Each morning, new records are put on the stores’ shelves. So that today’s record shops are splitting at the seams in their effort to contain pop’s past and present. It has a long history, and a promising future.
A future being designed by architects like Zaska. Who raid the past for inspiration but are not bound to its blueprints. So they can sketch their own visions in their music.
As Zaska does on ‘It Takes A Village,’ a concept album about the birth of his first child. Where the present is constructed out of the past’s grooves and today’s technology. The rhythms flow from the age-old springs of soul, funk, pop, and hip-hop. And are turned on the 21st century’s lathe. To become smooth and frictionless as velvet. But as vital as your pulse.
Close To You blends into following track 12 Weeks. Morphing from the former’s ingenious guitar chords and horn arrangements into the latter’s muzak-parody. A wry, irreverent move – Zaska turning his own work into an elevator-jingle.
He intones over 12 Weeks’s now impotent rhythm “Jesus, you think the doctor picks this music?” Making a mock out of his own effort. It is a bizarre moment of meta-humour. As if he is showing the record its reflection. Holding a looking glass up to show us that, in the grand scheme of the cosmos, we are but human. And while our achievements deserve due recognition, they are human too. Even when those achievements are as intelligent as Zaska’s own.
‘It Takes A Village’ startles with its cleverness. But is neither condescending nor patronising. Instead it inspires laughter and wonder at the simple inventiveness of the album. Where each idea – and they may be but a fistful of notes – is given its proper space and respect. Handled with expertise by the many guests who feature on the album. Including members of Barq and Wyvern Lingo, Loah, and Louise Gaffney. Each of whom approach Zaska’s music with respect.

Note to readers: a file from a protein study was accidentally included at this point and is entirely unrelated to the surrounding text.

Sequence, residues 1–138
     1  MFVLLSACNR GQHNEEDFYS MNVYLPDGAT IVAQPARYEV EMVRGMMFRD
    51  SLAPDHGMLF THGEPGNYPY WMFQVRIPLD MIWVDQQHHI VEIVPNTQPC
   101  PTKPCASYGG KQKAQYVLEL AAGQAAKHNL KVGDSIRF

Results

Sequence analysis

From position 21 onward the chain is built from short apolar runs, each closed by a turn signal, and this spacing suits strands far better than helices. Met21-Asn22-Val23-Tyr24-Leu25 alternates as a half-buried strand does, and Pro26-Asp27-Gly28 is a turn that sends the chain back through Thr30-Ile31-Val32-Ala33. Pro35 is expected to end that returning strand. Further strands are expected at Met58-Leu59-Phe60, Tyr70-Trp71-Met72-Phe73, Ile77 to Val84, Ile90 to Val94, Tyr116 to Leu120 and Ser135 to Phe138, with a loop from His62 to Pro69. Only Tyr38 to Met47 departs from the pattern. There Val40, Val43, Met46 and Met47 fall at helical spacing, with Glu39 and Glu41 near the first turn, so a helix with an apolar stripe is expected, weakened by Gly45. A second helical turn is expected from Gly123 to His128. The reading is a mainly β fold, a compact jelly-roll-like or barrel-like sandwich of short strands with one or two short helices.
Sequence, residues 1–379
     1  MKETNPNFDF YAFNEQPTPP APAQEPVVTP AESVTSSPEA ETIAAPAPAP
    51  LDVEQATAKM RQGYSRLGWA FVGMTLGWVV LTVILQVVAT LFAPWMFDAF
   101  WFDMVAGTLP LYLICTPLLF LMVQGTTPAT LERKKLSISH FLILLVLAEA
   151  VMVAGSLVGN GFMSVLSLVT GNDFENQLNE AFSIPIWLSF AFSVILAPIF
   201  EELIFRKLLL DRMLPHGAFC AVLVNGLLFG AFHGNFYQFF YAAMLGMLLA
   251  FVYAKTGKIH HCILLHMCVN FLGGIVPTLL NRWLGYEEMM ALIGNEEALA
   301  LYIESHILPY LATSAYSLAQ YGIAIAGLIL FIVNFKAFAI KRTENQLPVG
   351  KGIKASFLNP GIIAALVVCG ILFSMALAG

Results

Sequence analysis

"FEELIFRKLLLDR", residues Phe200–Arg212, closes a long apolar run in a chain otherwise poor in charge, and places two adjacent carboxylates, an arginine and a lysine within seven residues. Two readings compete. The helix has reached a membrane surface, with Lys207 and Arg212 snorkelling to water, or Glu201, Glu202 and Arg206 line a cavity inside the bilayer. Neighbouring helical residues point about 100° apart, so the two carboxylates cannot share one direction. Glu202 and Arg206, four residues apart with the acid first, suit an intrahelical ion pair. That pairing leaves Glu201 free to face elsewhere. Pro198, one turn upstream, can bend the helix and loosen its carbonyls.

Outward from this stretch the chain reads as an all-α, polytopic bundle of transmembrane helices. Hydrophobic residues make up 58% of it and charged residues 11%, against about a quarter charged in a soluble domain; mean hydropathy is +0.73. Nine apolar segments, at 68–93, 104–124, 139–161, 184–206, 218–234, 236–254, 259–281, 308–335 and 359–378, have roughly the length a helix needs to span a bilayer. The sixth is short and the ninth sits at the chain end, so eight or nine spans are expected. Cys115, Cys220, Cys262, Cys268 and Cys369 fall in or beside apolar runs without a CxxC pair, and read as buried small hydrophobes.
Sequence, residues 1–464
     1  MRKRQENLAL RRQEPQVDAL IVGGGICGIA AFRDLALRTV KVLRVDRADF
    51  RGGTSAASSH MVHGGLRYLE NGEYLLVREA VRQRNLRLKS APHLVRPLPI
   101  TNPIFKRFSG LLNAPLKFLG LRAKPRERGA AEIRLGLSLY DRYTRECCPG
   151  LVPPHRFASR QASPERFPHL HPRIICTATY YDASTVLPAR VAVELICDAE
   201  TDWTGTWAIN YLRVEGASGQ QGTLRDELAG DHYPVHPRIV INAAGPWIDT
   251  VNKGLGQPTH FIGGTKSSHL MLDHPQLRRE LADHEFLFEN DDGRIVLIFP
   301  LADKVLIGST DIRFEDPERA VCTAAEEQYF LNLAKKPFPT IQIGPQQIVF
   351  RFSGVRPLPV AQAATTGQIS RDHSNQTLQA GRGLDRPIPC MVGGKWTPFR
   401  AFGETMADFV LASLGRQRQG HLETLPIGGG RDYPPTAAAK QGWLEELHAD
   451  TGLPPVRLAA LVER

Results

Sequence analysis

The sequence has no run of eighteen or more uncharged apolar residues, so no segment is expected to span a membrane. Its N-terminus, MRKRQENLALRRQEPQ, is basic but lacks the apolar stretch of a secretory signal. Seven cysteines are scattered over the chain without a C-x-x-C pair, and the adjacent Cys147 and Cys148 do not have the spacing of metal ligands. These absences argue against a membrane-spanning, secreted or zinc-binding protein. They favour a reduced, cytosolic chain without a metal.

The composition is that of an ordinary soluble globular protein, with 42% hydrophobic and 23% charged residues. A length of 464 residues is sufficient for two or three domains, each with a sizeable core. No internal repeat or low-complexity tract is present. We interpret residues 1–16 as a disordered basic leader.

On No Easy Way Out, every inch of music is given its moment. From the warm vocals of Precious Okpaje, to the hanging cadence that ushers in the harmonies. When Neil Dorrington’s bass comes in the groove hardens. And the track seems to grow legs. Limbs strong enough to carry it across the rhythmic shifts of its final minutes.
And into the single It’s Ridiculous. Where Louise Gaffney’s processed vocals glide past. Like a breeze cradling a lyric. At ground-level the rhythm section – Dorrington on bass and Tommy Gray on drums – steer the groove. As if they had a saddle on its back and a bit in its mouth. They lead the caravan of music through the song’s runtime. A wagon-trail of creativity moving into a frontier that is not entirely alien. But that, until now, nobody had thought to look at through a kaleidoscope.
‘It Takes A Village’ is sophisticated, nuanced, and very clever. Zaska has created the present, the now, out of the past’s stone and today’s cement. Only through hindsight could these disparate genres be put together. And only through skill and work could it be done with as much finesse as this. There are no post-surgery scars. Only the flow of the music. Stretching backwards and forwards like those record-store shelves. Drawing from and adding to the pop canon.